DOHA, Qatar (AP) – Looking by turns frightened or stoical, five captured U.S. soldiers were thrust in front of an Iraqi TV microphone and peppered with questions yesterday. The footage also showed at least four bodies.

Shabina Khatri
AP PHOTO
Anecita Hudson wipes tears from her eyes as she talks about her son, Spc. Joseph Hudson, who she learned was captured by Iraqi forces.

U.S. officials confirmed that 12 soldiers and at least one aircraft were missing in southern Iraq, and said the troops may have been lured into a trap by Iraqi soldiers pretending to surrender.

The scenes of interrogators questioning four men and a woman were broadcast by the Arab satellite station Al-Jazeera with footage from state-controlled Iraqi television. Each was interviewed individually. They spoke into a microphone labeled “Iraqi Television.”

A senior defense official said the Pentagon did not know precisely how many captives there might be, and declined to identify the unit involved so as not to panic soldiers’ families. Some Iraqi soldiers acted as though they wanted to surrender, then opened fire, the official said.

Al-Jazeera quoted unidentified Iraqi officials as saying the Iraqis are using a defensive tactic of falling back, allowing their enemy to overextend itself and become vulnerable to attack behind the lines.

Speaking on CBS, Defense Secretary Donald Rumsfeld charged that if those seen on television were indeed coalition soldiers, “those pictures are a violation of the Geneva Conventions.”

International Committee of the Red Cross spokeswoman Nada Doumani said the showing of the prisoners on TV violates Article 13 of the Geneva Conventions, which says prisoners should be protected from public curiosity. But she stressed that the priority at the moment is to get access to them.

“It does contradict the conventions because it’s public curiosity,” she said. “But our priority is not to put blame on any side but to check that the prisoners are safe. Let’s put the focus on getting access and ensuring safety and then we can discuss in detail the provisions of the Geneva Conventions. The important thing is to have people treated in a humane way.”

Each prisoner shown on television spoke American-accented English. One was a 30-year-old woman from Texas. Her eyes darted back and forth and she held her arms tightly in her lap as she was questioned.

At one point, the camera panned back, showing a big white bandage around her ankle. Her voice was very shaky. Another prisoner, who said he was from El Paso, Texas, stared directly at the camera and spoke in a clear direct voice, often shaking his head and cupping his ear slightly to indicate that he couldn’t hear one of the questions being shot at him from around the room.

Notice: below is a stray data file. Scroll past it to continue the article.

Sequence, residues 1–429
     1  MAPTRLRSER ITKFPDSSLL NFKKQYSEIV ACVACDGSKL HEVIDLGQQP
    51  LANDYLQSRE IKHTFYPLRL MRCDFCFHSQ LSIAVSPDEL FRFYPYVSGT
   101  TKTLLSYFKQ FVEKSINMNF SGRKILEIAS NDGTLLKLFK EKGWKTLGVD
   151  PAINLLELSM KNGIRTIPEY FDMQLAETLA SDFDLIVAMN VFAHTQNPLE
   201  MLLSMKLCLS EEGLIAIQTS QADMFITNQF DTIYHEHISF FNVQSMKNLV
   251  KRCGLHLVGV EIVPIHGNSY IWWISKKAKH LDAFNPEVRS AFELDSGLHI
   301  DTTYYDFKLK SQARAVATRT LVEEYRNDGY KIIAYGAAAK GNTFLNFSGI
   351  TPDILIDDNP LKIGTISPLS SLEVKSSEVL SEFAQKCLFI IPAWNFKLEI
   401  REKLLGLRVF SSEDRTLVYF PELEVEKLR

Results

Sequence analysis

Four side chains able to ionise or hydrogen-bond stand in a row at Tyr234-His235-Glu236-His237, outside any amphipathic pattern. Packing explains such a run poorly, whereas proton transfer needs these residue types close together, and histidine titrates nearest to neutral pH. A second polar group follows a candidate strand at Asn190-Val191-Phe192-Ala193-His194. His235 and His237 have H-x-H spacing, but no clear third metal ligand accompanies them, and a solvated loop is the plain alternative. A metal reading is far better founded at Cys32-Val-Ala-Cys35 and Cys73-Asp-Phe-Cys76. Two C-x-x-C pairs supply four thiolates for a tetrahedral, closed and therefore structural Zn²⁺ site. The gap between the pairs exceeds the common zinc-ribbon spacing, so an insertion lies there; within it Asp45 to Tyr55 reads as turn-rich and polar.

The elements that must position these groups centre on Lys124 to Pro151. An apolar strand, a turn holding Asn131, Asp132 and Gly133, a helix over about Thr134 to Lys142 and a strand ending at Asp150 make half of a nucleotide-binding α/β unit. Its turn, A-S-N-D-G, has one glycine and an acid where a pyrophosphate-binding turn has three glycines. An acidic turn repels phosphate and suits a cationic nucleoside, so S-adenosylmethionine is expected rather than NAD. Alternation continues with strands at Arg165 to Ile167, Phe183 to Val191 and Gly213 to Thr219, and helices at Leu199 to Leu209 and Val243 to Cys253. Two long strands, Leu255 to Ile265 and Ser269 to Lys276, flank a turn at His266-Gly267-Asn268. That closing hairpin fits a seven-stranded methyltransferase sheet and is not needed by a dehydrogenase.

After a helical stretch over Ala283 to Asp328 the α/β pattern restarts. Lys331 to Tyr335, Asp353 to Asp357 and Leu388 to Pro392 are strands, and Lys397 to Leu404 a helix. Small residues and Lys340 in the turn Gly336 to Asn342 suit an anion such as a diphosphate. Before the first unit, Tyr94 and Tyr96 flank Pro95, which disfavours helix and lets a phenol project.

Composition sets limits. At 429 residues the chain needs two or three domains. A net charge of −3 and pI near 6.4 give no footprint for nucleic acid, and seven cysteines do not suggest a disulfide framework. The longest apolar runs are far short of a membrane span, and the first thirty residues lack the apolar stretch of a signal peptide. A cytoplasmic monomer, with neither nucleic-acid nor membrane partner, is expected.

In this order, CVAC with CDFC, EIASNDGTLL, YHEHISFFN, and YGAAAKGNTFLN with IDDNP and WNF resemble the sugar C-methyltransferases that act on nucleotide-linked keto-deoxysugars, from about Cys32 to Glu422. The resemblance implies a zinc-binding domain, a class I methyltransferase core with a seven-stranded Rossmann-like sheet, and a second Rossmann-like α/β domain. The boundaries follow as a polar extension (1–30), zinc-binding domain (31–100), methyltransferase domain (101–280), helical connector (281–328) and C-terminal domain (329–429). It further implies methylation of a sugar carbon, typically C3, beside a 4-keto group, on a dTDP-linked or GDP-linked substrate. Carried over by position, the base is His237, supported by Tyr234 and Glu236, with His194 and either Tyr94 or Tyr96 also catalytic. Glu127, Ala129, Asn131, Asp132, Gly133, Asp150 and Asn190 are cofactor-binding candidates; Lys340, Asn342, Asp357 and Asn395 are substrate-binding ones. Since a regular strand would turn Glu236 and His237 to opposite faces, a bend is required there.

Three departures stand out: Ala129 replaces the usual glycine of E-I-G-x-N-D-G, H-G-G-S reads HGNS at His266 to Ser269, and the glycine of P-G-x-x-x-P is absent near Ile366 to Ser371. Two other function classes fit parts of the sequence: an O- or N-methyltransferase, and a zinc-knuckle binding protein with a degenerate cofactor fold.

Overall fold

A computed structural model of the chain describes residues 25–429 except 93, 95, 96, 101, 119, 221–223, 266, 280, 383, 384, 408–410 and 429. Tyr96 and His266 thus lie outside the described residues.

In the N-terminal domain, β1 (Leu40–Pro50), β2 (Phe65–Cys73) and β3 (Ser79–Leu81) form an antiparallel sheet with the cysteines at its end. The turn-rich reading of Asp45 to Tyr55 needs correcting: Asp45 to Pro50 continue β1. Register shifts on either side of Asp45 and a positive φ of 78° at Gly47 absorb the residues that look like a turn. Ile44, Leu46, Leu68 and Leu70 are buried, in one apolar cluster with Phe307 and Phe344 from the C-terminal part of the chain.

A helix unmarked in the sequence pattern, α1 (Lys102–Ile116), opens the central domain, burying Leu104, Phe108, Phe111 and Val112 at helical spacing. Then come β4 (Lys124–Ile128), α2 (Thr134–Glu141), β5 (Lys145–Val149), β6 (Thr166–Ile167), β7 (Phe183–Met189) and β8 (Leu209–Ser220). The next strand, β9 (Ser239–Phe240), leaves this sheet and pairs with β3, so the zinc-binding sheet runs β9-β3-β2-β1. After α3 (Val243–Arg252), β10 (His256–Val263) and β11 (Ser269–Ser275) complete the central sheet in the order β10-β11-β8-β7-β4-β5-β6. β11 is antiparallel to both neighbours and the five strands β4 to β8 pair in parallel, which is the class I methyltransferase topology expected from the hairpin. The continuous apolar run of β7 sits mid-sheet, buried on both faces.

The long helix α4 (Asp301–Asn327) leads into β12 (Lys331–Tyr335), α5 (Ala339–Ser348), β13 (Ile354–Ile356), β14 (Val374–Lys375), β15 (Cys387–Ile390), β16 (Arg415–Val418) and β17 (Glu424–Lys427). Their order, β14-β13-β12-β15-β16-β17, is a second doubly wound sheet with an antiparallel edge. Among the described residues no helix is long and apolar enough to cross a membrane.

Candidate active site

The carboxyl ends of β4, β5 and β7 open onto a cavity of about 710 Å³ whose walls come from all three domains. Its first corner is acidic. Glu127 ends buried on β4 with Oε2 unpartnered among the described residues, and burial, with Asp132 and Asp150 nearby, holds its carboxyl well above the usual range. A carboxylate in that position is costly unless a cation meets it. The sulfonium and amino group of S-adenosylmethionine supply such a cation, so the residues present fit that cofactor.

A 31-year-old sergeant from New Jersey sat bolt upright in a chair with brown armrests. His hands in his lap, he answered questions in a clipped fashion and said he was with the 507th Maintenance Company. The woman also said she was from the 507th Maintenance. Both the Air Force and Army have companies with that designation.

One of the men, sitting up, was interviewed by an unseen person holding a microphone labeled “Iraqi TV” in Arabic. The prisoner at one point said: “I’m sorry. I don’t understand you.”

The narrator provided an Arabic translation, but it was possible to hear some of the comments in English.

The prisoners looked terrified. One captive, who said he was from Kansas, answered all his questions in a shaky voice, his eyes darting back and forth between the interviewer and another person who couldn’t be seen on camera.

Asked why he came to Iraq, he replied, “I come to fix broke stuff.”

Prodded again by the interviewer, he was asked if he came to shoot Iraqis.

“No, I come to shoot only if I am shot at,” he said. “They (Iraqis) don’t bother me, I don’t bother them.”

Another prisoner, who said he was from Texas, said only: “I follow orders.”

A voice off-camera asked how many officers were in his unit. “I don’t know, sir,” the man replied.

Another prisoner, who also said he was from Texas, was lying on an elaborate maroon mat. The camera panned from his feet to his head, showing one of his arms to be wounded and folded across his chest.

Iraqi TV attempted to interview him, at one point trying to cradle his head to steady it for the camera. They eventually helped him sit up, but he seemed to sway slightly.

The camera showed four bodies on the floor of the room. The station said they and the prisoners were captured around An Nasiriyah, a major crossing point over the Euphrates northwest of Basra.

U.S. officials said yesterday that U.S. Marines defeated Iraqi forces near An Nasiriyah in the sharpest engagement of the war. But Iraqi forces also ambushed an army supply convoy and 12 soldiers were missing, they said.

Leave a comment

Your email address will not be published. Required fields are marked *